NORFOLK, Va. — Politicians are spending near record amounts this election to get their message out.
The commercials are impossible to miss, especially in the hotly-contested House race in the Second District of Virginia.
We found a combined $13.5 million spent so far on advertising in the District 2 race between Democratic incumbent Elaine Luria and Republican State Senator Jen Kiggans.
The Luria campaign has spent $7.3 million on ads, compared to the $6.2 million for the Kiggans camp, according to numbers from the Virginia Public Access Project (VPAP) as of October 25.
And there’s a big difference in where they’re getting all that funding.
Congresswoman Luria’s campaign self-funded 56 percent its ads so far, spending more than $4.1 million in advertising.
The remaining $3 million was paid for mostly by Democratic Super PACs, like the House Majority PAC and the Democratic Congressional Campaign Committee.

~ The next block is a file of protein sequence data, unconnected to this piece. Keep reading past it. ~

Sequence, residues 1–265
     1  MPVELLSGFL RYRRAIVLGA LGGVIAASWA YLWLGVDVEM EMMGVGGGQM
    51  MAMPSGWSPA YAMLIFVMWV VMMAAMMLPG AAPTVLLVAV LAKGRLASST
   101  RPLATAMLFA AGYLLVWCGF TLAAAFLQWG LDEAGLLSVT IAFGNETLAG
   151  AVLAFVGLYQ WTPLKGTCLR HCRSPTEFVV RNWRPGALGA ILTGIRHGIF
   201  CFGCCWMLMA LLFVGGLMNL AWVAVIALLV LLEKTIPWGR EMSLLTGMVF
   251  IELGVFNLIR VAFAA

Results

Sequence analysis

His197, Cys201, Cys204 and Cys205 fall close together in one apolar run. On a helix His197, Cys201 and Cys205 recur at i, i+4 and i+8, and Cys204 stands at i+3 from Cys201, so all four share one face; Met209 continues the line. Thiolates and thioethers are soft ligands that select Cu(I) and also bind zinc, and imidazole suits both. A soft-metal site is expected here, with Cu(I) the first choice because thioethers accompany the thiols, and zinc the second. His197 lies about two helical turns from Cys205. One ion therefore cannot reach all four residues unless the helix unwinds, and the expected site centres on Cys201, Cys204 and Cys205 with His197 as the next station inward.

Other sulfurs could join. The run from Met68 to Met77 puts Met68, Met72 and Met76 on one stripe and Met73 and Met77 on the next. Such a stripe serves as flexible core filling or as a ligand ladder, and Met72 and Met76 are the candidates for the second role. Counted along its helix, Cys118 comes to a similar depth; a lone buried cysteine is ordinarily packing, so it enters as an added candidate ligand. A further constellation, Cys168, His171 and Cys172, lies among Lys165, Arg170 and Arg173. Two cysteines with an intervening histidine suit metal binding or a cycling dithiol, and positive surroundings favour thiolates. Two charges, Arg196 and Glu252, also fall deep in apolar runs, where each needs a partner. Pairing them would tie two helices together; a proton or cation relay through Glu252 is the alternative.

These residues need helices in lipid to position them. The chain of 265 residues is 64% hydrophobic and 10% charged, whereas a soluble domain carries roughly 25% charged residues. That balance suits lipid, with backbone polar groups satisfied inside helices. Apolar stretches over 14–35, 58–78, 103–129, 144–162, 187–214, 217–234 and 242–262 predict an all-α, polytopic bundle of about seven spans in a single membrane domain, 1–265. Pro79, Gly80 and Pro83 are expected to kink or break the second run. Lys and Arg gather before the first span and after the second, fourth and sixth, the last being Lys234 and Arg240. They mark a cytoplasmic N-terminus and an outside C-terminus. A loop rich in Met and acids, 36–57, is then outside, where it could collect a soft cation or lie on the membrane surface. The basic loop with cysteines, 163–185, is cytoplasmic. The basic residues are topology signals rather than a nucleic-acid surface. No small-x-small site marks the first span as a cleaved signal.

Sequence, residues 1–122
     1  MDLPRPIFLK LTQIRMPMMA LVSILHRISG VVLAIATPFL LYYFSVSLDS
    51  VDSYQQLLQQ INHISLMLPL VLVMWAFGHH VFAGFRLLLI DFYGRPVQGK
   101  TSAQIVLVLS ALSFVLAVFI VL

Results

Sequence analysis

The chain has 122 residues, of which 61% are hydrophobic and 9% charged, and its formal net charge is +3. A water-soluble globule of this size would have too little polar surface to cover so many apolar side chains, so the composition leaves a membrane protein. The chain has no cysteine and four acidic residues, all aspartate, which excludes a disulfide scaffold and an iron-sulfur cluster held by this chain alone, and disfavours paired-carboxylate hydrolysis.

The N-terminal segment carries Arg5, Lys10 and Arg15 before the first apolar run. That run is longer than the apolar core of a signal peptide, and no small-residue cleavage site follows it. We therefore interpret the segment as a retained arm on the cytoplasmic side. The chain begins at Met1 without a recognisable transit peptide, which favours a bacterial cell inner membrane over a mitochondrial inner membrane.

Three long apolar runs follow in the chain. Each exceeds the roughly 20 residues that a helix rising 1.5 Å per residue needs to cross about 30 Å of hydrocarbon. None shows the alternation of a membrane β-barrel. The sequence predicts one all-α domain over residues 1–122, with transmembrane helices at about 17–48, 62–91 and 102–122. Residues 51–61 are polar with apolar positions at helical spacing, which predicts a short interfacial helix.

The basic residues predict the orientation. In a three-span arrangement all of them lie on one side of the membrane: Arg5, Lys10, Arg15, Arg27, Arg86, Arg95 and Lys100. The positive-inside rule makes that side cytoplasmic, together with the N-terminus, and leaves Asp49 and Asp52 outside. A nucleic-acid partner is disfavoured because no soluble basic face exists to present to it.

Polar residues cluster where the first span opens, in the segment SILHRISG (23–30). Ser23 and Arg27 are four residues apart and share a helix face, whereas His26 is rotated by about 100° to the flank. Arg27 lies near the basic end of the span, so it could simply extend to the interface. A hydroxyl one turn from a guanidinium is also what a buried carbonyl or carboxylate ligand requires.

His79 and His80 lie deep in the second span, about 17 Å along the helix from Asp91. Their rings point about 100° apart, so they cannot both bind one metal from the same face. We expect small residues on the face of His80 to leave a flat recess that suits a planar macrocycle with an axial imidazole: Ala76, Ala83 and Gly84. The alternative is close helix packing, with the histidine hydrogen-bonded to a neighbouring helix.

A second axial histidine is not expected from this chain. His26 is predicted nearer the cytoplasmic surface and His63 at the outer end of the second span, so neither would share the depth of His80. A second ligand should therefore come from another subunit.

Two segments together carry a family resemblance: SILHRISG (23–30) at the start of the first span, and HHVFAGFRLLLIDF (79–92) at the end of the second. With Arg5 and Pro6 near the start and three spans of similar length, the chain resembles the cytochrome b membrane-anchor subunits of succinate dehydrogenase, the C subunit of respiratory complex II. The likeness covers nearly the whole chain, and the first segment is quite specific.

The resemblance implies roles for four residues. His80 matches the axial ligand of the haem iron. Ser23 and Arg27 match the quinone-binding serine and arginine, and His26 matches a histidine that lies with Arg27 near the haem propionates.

It’s a stark contrast to the Kiggans campaign, which self-funded just 11 percent of its advertising so far, according to an analysis of VPAP data.
Republican Super PACs have mostly paid for the rest.
The Congressional Leadership Fund contributed $3.5 million to anti-Luria and pro-Kiggans ads.
The race is deadlocked at 45% among likely voters, with 8% of voters still undecided, according to the latest poll released last week from the Wason Center at Christopher Newport University.
The Luria campaign is nearly doubling its spending on advertising this week compared to last week, according to VPAP data.
Democrats will spend more than $1.2 million this week on pro-Luria or Anti-Kiggans ads, compared to the $738,625 that Republicans will spend this week on Pro-Kiggans or Anti-Luria ads.
This week marks the first time either campaign has spent more than $800,000 in a single week on advertising.
And this is far from the only race with major money flowing.
In Virginia's District 7, more than $23 million has been spent on ads between the two candidates.
And last month, campaigns nationwide spent more than a billion dollars on political advertising for this Midterm election. That's a near-record amount, according to AdImpact, and analysts expect even more spending in October.